Advertisement
Share

Stocks extend losses as virus aid languishes in Congress

Technology companies and banks led Friday's decline.
(Associated Press)

U.S. stock indexes pulled further away from their recent highs Friday as prospects for another aid package from Washington faded while a surge in virus cases threatens to inflict more damage on an already battered economy.

The Standard & Poor’s 500 slipped 0.1%, its third straight decline since it set a record high on Tuesday. The benchmark index ended the week 1% lower after two weeks of solid gains. Losses in financial, technology, healthcare and other sectors outweighed gains in communication services, industrial companies and elsewhere. Treasury yields fell broadly, a signal that traders were seeking to lessen their exposure to riskier holdings.

The latest bout of selling, which eased toward the end of the day, came as investors continue to hope for Washington to come through with another financial lifeline for people, businesses and state governments struggling as the COVID-19 pandemic worsens. But an emerging $900-billion aid package from a bipartisan group of lawmakers has essentially collapsed because of continued partisan bickering.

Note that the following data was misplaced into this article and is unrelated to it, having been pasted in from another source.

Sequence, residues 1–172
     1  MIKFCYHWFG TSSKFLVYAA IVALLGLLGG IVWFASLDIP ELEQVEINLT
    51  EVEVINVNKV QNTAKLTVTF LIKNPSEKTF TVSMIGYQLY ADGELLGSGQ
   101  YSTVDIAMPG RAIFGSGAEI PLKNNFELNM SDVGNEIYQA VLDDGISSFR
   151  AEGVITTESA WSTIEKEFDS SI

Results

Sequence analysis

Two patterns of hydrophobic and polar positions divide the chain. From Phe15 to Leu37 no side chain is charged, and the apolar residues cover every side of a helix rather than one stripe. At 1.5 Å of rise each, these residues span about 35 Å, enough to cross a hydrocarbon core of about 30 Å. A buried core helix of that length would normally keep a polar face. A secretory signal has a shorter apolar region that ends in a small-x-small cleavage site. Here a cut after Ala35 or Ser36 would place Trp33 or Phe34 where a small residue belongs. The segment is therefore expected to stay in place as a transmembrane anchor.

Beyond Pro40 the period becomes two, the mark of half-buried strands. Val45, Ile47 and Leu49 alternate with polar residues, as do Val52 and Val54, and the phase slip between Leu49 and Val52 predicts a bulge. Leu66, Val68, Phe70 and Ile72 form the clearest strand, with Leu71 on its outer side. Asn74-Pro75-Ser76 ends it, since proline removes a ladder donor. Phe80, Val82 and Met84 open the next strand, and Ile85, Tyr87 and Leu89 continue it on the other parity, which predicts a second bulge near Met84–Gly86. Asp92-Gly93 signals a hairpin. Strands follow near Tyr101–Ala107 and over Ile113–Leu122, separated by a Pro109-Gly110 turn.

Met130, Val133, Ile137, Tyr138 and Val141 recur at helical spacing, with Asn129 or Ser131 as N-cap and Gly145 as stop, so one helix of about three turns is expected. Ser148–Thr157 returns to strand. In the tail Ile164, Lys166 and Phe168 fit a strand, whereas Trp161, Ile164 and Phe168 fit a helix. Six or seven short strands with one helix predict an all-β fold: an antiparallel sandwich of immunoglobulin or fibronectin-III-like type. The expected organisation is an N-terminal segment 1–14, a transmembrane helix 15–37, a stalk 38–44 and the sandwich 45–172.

The S&P 500 slipped 4.64 points to 3,663.46. The index had been down 34 points in the early going. The Dow Jones industrial average got a boost from Disney, which hit a new high, jumping 13.6% after sharing encouraging subscriber growth numbers and future plans for its Disney+ streaming service. The index rose 47.11 points, or 0.2%, to 30,046.37. The tech-heavy Nasdaq lost 27.94 points, or 0.2%, to 12,377.87.

Advertisement

Small-company stocks, which have been making solid gains this month, also fell. The Russell 2000 small-cap index gave up 11.01 points, or 0.6%, to 1,911.70.

Technology companies and banks led the decline. Apple fell 0.7% and Bank of America dropped 1.9%.

After “a gloomy COVID winter,” widespread vaccination will bring years of robust growth to California’s economy, the UCLA Anderson forecast says.

Stocks have been climbing over the last few weeks as advances in vaccine development raised hopes that the pandemic could be tamed in the coming months and set the global economy on a path to normality.

The yield on the 10-year Treasury held steady at 0.89%.

European markets ended lower, while Asian markets closed mixed.


Advertisement